Special Issue: Building the Quantitative Skills of Students in Geoscience Courses
Recognizing and Describing "Pet Rocks"
Robert Christman, Western Washington University
Full Text (Acrobat (PDF) 969kB Oct11 12)
URL for this article: http://www.nagt.org/nagt/jge/abstracts/2000.html#v48p573-1
Urban outcrops and the lunchtime petrology field trip
W.O. Hoskin, The University of Canterbury
Full Text (Acrobat (PDF) 40kB Oct11 12)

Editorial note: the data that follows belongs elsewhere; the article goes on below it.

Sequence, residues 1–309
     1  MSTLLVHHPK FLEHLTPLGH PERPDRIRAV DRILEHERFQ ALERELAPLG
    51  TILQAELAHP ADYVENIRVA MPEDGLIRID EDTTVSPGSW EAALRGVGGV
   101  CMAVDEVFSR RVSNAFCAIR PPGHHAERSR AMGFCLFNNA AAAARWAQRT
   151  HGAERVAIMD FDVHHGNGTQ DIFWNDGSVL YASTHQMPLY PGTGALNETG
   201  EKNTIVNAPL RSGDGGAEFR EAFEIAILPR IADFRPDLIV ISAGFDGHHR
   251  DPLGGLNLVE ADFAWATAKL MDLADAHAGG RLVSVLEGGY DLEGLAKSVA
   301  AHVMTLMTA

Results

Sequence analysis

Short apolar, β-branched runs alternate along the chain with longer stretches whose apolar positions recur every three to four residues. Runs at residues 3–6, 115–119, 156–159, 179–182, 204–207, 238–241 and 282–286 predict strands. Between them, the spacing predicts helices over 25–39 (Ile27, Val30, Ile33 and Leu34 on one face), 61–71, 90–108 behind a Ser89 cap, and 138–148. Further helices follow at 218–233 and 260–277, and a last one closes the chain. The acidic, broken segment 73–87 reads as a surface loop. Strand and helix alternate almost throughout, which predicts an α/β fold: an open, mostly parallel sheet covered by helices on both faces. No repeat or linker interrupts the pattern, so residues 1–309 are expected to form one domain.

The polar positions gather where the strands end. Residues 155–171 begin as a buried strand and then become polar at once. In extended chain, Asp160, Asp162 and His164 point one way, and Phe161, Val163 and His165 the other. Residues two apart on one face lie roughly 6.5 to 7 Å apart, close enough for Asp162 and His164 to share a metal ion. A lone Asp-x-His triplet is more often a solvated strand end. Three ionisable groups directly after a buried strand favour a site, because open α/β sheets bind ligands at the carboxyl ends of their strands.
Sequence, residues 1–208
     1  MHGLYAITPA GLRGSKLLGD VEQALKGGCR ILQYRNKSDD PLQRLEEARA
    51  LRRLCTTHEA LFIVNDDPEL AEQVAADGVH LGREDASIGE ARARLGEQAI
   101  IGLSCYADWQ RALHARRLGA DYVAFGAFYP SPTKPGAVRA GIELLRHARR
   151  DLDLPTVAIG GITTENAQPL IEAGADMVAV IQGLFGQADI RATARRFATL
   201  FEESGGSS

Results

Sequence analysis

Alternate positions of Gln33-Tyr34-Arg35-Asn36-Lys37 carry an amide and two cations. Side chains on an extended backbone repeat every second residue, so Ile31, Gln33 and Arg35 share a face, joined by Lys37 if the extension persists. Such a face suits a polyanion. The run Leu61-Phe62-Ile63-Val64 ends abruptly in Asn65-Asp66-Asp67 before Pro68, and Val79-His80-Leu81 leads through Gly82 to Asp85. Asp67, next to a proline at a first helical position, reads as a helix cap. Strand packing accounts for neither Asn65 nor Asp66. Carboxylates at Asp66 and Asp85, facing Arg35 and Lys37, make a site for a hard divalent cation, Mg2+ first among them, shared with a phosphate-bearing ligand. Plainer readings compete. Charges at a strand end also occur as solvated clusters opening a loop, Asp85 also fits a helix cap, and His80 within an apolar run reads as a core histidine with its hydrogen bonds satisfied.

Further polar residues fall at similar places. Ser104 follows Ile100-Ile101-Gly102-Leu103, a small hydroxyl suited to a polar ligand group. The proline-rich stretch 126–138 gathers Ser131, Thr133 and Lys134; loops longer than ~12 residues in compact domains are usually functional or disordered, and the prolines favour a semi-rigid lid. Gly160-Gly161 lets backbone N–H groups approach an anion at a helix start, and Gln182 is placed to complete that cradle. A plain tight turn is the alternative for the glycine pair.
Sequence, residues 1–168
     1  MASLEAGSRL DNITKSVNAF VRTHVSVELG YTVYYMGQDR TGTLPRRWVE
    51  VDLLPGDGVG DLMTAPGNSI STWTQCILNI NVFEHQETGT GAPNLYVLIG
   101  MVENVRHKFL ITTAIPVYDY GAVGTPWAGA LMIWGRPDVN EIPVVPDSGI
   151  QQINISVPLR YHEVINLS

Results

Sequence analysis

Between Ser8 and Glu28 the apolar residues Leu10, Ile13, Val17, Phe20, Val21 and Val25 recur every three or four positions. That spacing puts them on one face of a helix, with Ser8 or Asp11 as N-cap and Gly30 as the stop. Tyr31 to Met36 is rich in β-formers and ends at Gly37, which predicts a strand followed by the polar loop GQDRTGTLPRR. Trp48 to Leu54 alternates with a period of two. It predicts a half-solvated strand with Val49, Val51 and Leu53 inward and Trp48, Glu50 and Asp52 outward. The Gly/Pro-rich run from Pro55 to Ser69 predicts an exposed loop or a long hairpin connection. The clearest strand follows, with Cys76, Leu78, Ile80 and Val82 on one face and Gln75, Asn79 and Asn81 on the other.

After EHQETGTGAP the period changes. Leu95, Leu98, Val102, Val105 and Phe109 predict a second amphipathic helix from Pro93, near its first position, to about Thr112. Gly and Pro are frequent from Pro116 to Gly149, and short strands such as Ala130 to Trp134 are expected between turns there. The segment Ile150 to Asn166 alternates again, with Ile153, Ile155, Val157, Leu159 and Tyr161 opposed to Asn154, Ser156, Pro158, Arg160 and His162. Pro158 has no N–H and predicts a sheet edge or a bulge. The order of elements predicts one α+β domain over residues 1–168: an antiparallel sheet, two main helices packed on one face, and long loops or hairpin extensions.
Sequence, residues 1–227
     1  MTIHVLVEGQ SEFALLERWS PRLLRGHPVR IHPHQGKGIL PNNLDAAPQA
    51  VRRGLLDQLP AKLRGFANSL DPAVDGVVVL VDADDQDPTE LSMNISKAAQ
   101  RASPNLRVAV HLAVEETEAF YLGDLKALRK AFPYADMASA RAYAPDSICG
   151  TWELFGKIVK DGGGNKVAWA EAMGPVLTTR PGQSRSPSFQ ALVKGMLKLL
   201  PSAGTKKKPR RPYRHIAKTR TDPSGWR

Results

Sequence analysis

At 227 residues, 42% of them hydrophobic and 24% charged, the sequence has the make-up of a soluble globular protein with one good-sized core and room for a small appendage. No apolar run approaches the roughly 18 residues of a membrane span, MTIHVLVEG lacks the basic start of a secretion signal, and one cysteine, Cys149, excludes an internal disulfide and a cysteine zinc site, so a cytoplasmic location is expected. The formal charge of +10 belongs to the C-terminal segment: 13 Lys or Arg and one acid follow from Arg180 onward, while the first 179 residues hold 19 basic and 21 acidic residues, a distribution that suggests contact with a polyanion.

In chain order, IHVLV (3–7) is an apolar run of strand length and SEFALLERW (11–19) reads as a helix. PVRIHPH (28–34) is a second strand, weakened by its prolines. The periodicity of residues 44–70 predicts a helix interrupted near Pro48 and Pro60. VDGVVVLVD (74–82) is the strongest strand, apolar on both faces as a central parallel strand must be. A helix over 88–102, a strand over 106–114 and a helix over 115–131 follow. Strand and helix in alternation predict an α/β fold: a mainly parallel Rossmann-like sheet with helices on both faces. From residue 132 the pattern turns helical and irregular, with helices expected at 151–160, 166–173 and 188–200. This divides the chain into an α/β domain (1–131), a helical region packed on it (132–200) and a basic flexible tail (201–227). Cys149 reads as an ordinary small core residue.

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Technical and Non-technical Skills Needed by Oil Companies
View south along the strike of the Waterpocket Fold in Capitol Reef National Park in Southern Utah. Details
Full text (Acrobat (PDF) 113kB Feb28 06)
URL for this article: http://www.nagt.org/nagt/jge/abstracts/2000.html#v48p605
Process-Oriented Environmental Change Curriculum-Development Workshops